Hamilton needs a centralized writers’ association
In a progressive, culturally robust city, this is unacceptable
If you Google “Hamilton Writers’ Guild,” you will find an organization at the Hamilton Campus of Miami University. Try “Hamilton Writers’ Association,” and you will find yourself in Hamilton, New Zealand. Type in “Hamilton ONTARIO Writers’ Associations,” and you will find workshops and offshoots of national organizations.
The top search result? “Writing Meetups in Hamilton” on meetup.com. Only one of the listings is actually in Hamilton.
But, I’m not looking for a “meetup,” I am searching for a professional-level writers’ council that does more than just lead open poetry workshops and host a few readings per year, or run an annual festival. As far as I can tell, which is far enough if Google cannot produce my desired result with several differently worded searches, there is no such thing in Hamilton.
In a progressive, culturally robust city that is coming up on the heels of Toronto, this is unacceptable.
We have gritLIT, an annual literary festival that is so aptly named it makes me giddy. We host authors from all over the country at this four-day event, held primarily at the Art Gallery of Hamilton. It is a fantastic asset — once a year.
Of course there is the Hamilton Arts Council, which provides information, an artist directory, and resources for all major disciplines. I am certainly a strong proponent of overarching arts associations that bring us all into one room, but who is having organized and focused conversations about the literary landscape in Hamilton? If you know something I don’t, please, do tell. Why is Hamilton so low on literary mojo? I studied English at the University of Toronto, and spent several years commuting into the big city from my family home in Mississauga. I passed up UTM for the St. George campus because I wanted bigger and better opportunities to network. I am still thankful to have attended a creative writing seminar with Albert Moritz there, and to have kept in touch years later. He is one of our greatest Canadian poets — a Griffin Prize winner, and an asset to Toronto.
I later spent four years living in Guelph, a much smaller city with a strong, but enclosed, literary scene. There I performed at monthly poetry readings, and networked with many talented writers at small book launches.
So, what do these cities have that Hamilton doesn’t? Size.
Guelph is small, and like minds not only know each other, but tend to run into each other on a regular basis, creating a sense of singular community. So, people talk, stop to join each other for coffee. In Guelph, you can anticipate who will be at various events, and there are a fair number of events to choose from. However, Guelph has limited potential, and tends to keep to itself. This is not the model for progress.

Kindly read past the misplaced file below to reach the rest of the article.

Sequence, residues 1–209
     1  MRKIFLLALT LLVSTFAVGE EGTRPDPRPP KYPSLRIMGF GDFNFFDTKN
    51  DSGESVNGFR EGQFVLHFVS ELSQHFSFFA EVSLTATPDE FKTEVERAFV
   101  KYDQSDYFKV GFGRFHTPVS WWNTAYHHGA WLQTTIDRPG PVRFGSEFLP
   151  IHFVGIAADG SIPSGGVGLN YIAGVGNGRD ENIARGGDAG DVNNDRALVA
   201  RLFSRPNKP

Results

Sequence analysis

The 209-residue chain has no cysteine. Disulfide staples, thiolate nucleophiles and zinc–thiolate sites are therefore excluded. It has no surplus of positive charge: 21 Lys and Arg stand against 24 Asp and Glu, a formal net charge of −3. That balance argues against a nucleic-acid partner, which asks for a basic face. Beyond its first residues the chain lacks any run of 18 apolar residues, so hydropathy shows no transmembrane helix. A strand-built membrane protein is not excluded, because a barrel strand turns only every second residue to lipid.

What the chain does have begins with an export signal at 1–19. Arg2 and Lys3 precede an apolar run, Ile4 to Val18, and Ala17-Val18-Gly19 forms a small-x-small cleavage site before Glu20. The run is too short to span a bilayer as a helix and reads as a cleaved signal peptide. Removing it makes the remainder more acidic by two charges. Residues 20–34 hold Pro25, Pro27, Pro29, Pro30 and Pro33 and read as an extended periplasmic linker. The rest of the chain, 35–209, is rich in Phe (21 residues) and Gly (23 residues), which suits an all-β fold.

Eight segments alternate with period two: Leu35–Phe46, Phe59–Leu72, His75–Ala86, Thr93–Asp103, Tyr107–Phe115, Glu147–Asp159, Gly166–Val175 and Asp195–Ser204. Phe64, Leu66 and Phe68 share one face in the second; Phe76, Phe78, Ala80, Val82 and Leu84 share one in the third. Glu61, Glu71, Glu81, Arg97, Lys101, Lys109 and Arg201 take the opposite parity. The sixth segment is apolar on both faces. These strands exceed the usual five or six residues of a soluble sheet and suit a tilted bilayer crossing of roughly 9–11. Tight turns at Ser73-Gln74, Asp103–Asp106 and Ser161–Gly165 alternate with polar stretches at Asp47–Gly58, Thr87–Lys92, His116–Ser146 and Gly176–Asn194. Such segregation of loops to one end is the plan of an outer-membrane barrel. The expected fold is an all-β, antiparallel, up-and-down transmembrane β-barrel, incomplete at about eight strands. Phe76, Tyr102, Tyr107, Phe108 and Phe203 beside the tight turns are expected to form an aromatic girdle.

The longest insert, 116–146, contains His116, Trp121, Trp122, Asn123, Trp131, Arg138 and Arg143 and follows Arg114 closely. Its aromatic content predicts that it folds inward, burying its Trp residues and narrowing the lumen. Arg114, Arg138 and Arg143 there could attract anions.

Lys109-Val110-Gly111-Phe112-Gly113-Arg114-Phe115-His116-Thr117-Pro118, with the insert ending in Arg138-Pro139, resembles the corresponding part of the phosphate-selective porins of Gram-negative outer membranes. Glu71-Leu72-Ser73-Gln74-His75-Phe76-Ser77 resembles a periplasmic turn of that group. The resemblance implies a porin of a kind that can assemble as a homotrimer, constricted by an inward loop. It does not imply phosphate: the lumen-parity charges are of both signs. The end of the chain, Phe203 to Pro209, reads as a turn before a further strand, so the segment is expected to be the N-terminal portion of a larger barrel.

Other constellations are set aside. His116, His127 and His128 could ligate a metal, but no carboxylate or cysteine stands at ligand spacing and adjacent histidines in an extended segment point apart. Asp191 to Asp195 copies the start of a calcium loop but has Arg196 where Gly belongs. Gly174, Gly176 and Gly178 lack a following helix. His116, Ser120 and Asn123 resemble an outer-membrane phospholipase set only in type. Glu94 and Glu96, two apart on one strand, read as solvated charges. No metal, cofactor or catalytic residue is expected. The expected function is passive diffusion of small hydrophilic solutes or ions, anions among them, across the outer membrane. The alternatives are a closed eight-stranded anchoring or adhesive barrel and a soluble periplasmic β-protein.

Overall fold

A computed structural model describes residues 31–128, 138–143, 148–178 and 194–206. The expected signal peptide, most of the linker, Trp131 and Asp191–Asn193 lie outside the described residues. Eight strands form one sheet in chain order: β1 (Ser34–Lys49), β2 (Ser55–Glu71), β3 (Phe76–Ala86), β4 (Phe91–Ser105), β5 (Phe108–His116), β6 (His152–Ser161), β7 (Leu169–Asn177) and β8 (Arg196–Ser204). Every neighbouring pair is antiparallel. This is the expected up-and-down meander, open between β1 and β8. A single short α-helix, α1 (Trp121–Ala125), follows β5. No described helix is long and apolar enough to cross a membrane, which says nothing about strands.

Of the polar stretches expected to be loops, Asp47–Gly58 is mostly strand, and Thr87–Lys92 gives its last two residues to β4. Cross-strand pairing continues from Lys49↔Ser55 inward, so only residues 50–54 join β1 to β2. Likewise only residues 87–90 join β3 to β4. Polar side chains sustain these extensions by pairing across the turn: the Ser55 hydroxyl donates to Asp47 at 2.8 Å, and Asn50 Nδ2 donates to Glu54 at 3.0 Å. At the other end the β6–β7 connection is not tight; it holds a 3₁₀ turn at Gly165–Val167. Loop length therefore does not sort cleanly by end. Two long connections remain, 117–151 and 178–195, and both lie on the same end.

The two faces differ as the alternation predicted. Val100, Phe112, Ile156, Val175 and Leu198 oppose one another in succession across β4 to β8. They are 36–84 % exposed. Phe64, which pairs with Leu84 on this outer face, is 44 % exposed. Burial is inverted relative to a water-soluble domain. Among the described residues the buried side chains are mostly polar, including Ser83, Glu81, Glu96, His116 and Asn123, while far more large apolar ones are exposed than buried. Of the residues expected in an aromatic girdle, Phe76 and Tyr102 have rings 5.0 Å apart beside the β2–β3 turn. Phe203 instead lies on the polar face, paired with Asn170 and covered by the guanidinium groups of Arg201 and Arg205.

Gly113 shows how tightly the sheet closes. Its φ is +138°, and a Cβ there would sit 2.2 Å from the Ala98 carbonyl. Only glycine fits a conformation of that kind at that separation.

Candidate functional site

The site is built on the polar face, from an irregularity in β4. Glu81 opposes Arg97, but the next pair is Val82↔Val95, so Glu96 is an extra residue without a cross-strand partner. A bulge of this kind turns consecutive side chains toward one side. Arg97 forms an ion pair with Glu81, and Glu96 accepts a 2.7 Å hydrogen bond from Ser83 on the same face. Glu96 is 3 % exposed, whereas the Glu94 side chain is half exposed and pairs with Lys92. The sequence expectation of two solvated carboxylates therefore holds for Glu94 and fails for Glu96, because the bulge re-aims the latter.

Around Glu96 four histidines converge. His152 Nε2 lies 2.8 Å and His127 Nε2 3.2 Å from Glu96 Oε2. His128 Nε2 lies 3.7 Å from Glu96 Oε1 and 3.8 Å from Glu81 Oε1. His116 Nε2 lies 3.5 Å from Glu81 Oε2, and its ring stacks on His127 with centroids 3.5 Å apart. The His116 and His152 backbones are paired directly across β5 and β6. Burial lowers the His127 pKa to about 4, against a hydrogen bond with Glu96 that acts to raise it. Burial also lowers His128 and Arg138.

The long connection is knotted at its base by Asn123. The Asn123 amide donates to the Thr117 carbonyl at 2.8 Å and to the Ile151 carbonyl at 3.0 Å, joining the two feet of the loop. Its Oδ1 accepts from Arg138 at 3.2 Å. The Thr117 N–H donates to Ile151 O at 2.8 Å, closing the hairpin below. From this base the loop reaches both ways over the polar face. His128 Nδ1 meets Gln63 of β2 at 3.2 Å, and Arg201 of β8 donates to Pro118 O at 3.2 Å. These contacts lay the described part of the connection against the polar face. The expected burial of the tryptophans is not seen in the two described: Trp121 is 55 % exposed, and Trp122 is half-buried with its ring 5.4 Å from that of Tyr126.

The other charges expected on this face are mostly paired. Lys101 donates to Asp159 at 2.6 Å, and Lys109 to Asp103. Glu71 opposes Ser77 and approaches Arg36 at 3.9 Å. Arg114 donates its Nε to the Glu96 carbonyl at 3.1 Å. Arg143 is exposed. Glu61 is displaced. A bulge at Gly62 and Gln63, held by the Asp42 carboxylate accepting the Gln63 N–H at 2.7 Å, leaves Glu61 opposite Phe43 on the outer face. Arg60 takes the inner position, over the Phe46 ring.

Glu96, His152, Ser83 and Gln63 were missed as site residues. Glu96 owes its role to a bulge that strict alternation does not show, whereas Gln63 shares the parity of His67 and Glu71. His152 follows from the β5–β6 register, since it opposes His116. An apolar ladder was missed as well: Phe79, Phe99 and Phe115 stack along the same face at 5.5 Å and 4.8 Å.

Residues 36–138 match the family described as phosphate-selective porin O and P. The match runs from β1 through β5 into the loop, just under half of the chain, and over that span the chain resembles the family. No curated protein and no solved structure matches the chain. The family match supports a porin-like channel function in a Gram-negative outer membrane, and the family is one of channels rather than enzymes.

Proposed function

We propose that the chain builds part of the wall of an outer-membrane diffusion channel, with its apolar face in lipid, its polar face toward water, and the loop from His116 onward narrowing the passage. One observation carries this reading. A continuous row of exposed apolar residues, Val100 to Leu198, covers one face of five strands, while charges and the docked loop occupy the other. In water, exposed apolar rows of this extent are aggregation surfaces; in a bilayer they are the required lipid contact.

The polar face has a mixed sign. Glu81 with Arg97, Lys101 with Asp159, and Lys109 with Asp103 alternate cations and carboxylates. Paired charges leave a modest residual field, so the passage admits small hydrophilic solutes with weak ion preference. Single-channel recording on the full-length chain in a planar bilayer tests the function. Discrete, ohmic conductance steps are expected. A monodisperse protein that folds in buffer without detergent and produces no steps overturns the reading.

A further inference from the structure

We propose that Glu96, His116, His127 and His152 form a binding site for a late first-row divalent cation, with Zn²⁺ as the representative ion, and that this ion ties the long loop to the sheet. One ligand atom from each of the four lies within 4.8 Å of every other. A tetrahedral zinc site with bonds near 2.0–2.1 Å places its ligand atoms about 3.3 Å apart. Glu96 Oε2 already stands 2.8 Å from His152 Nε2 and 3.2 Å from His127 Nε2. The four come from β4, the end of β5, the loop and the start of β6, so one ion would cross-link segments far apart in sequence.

Toronto is big, and attracts a great amount of talent. As I said, I chose downtown Toronto for my schooling because I was looking for the people and resources to best equip me for my career in writing. U of T’s enrolment is nearly triple that of McMaster, which means bigger faculties of professors not only teaching up-and-comers, but generating their own output in their fields. Events such as book launches tend to occur on the outskirts of the campus, and they happen often.
Universities have an important roll in fostering creative and intellectual activity, but they are not the only institutional asset to a city’s creative development. In the lit world, publishing houses are the movers and shakers bringing writers together at book launches and festivals, promoting entire rosters of talent at each event. Toronto boasts the likes of Penguin Random House, House of Anansi Press, and McClelland & Stewart Ltd.
From what I have found, Hamilton has one quality literary press, Wolsak & Wynn, who have a storefront on James St N. Lacking the fundamental activities of publishing and promoting books and their writers is, I believe, the greatest void in our literary landscape, but there are many factors that play into this failing.
And this is why Hamilton needs a writers’ association, with board members and everything. Without conversations, Hamilton will not grow its literary scene. We need to attract and create the right assets, and we need to figure out how to do it. Who will join me?
Laura Furster is a fine artist, literary writer, and journalist living in downtown Hamilton. She can be found on Facebook/Twitter/Instagram, and at www.laura-furster.com. Contact: firstname.lastname@example.org.
Wolsak & Wynn, a literary press at 280 James St N. in Hamilton.